Despite yesterday’s national election in Luxembourg (which will be a separate post), the headlines in Europe were all for a state election, in Bavaria – which is not only a lot bigger than Luxembourg, but was much more dramatic. (Official results here.)
The four big parties all saw big shifts in votes. The governing Christian Social Union (CSU), the local version of the Christian Democrats, fell 10.4% to 37.2%; the Social Democrats (SPD) fell 10.9% to 9.7%; the far-right Alternative for Germany (AfD), contesting for the first time, won 10.2% (up 8.6% on the far-right vote from 2013); and the Greens were up 8.9% to 17.5%. Turnout also jumped, by 8.8% to 72.4%.
Whether or not that amounts to a revolution in Bavarian politics depends a bit on how you look at it. Taking the parties of the centre-right and far right together, they totalled 49.2%, a drop of 2.2%. Left and centre-left parties in aggregate were down 2.4% to 31.7%, while the remaining 19.1% went to centrists and others: mostly the Free Voters (a coalition of independents), up 2.6% to 11.6%, and the Liberals (FDP), up 1.8% to 5.1%.
So on that basis there seems to be a small drift from extremes to centre, and a larger movement within both right and left. The SPD is losing support in much the same way as centre-left parties elsewhere – in this case to the Greens – and right-wing voters, radicalised by the immigration question, are deserting the mainstream CSU for the far right.
In fact, I don’t for a moment think that that’s the only thing happening. No doubt there’s also some movement of working class, anti-immigrant voters from the SPD to AfD, and a corresponding shift of middle class anti-racist voters from the CSU to the Greens.
But without looking at more detailed figures it’s hard to estimate the relative importance of these different shifts. I’m hoping someone with better German skills than mine will attempt it, but if not I might have a try later in the week.
Although the voting system is proportional, the statewide 5% threshold can distort representation. The right, with just under half the vote, won 107 of the 205 seats (85 CSU and 22 AfD); the centre-left won 60 (38 Greens and 22 SPD) and the rest 38 (27 Free Voters and 11 FDP, who just cleared the 5% mark). The Left, with 3.2%, was up 1.1% from last time but still well short of the threshold.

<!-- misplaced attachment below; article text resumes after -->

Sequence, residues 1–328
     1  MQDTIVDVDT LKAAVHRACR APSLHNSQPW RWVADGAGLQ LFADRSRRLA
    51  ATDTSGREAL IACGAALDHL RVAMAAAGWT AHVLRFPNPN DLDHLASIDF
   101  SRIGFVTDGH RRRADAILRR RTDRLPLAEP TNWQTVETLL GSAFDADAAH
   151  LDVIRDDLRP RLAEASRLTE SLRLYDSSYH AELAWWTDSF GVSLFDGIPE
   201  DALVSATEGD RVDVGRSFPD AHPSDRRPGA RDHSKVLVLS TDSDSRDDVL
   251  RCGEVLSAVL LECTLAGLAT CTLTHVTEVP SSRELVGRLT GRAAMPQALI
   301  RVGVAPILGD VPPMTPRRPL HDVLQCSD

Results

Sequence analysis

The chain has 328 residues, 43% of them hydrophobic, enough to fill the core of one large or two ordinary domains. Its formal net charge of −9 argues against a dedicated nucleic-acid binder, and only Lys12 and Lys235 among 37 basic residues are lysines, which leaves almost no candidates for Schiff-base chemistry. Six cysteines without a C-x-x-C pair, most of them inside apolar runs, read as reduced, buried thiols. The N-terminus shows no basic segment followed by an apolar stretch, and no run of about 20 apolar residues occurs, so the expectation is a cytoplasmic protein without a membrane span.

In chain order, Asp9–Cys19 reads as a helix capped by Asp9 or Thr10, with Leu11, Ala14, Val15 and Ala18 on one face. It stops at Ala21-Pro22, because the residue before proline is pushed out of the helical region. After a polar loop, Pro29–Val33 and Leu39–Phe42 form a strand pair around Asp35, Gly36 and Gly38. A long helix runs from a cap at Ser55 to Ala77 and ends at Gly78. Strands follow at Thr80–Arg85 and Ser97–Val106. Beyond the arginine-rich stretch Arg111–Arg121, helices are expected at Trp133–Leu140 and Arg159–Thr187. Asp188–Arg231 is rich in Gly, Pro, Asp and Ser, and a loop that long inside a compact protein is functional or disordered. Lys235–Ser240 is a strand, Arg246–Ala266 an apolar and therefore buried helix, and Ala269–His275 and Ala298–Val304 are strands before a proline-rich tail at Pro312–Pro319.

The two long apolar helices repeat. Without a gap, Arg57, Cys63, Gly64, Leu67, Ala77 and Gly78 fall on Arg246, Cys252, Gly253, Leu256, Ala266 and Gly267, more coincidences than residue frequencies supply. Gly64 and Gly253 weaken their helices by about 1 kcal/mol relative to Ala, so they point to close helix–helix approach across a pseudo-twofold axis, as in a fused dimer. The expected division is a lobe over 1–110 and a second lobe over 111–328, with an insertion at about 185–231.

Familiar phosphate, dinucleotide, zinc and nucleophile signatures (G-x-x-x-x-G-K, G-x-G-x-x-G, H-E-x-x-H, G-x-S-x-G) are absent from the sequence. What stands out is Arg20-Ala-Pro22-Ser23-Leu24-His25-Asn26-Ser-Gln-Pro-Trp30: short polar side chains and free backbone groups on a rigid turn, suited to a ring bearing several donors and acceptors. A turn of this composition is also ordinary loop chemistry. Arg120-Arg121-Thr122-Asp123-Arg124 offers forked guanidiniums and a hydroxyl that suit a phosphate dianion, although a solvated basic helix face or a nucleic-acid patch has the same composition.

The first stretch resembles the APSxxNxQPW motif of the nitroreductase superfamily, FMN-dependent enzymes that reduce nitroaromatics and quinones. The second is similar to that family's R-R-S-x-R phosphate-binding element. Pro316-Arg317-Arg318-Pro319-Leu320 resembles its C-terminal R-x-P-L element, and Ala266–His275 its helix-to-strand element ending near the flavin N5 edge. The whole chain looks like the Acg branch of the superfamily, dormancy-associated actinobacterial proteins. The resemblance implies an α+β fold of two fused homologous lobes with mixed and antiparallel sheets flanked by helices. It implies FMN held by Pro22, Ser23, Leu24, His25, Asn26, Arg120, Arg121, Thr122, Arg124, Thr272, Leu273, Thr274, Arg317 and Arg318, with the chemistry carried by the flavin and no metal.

Right-wing though they may be, there is still no chance of the CSU breaking the taboo on co-operation with AfD. Most likely they will take in the Free Voters as coalition partners, which would provide a comfortable majority. Christian Democrats in other states have on occasion been willing to team up with the Greens, but that would probably be a bridge too far for the CSU.
What does it mean for German or European politics more widely? Voters punish disunity; the CSU has been a thorn in the side of the Christian Democrats at federal level (not dissimilar to the relationship between Nationals and Liberals in Australia), and chancellor Angela Merkel would be happy to see the back of Horst Seehofer, CSU chairman and federal interior minister.
Voters also continue to desert the centre-left, especially when it unites with its historic rivals. That’s why the SPD was so reluctant last year to enter another grand coalition with Merkel’s CDU: it knew that it would suffer as a result. But it had little alternative once the FDP spat the dummy and refused to join a coalition with the CDU and Greens.
Resistance against the far right (or, for that matter, the far left) needs a strong centre, a basically liberal force that can hold nativist sentiment in check to both left and right. In Germany, the FDP and Greens are competing to provide that – and if Bavaria is any guide, the Greens are winning the competition.
Even more importantly, however, the resistance needs the mainstream centre-right parties to hold firm against concessions to the far right. In terms of actual co-operation in government, Germany has little to fear on that score; its twentieth century experience inoculates it against any suggestion of admitting neo-fascists into office.
But the CSU has drifted a long way towards the far right’s agenda when it comes to immigration, and its voters didn’t buy it. Those that agreed with the drift saw it as legitimising the option of voting for AfD; those that didn’t took it as a reason to jump ship to the Greens.
Will others learn the lesson?